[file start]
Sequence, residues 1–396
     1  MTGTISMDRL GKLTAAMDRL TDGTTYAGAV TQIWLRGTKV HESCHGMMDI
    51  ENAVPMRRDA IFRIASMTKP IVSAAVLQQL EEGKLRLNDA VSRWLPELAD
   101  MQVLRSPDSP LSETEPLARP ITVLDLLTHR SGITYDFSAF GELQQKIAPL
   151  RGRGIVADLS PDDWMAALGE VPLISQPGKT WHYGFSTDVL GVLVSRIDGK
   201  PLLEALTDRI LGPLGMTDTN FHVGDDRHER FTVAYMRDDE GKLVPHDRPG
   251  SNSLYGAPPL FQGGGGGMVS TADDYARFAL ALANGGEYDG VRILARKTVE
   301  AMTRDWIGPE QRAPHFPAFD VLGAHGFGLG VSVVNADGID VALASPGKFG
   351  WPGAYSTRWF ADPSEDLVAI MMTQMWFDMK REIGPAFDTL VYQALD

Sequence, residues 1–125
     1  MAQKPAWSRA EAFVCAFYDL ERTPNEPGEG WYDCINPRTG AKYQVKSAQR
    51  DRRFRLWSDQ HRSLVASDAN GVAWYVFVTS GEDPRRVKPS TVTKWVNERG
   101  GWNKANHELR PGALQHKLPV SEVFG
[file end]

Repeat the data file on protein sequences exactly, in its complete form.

Sequence, residues 1–396
     1  MTGTISMDRL GKLTAAMDRL TDGTTYAGAV TQIWLRGTKV HESCHGMMDI
    51  ENAVPMRRDA IFRIASMTKP IVSAAVLQQL EEGKLRLNDA VSRWLPELAD
   101  MQVLRSPDSP LSETEPLARP ITVLDLLTHR SGITYDFSAF GELQQKIAPL
   151  RGRGIVADLS PDDWMAALGE VPLISQPGKT WHYGFSTDVL GVLVSRIDGK
   201  PLLEALTDRI LGPLGMTDTN FHVGDDRHER FTVAYMRDDE GKLVPHDRPG
   251  SNSLYGAPPL FQGGGGGMVS TADDYARFAL ALANGGEYDG VRILARKTVE
   301  AMTRDWIGPE QRAPHFPAFD VLGAHGFGLG VSVVNADGID VALASPGKFG
   351  WPGAYSTRWF ADPSEDLVAI MMTQMWFDMK REIGPAFDTL VYQALD

Sequence, residues 1–125
     1  MAQKPAWSRA EAFVCAFYDL ERTPNEPGEG WYDCINPRTG AKYQVKSAQR
    51  DRRFRLWSDQ HRSLVASDAN GVAWYVFVTS GEDPRRVKPS TVTKWVNERG
   101  GWNKANHELR PGALQHKLPV SEVFG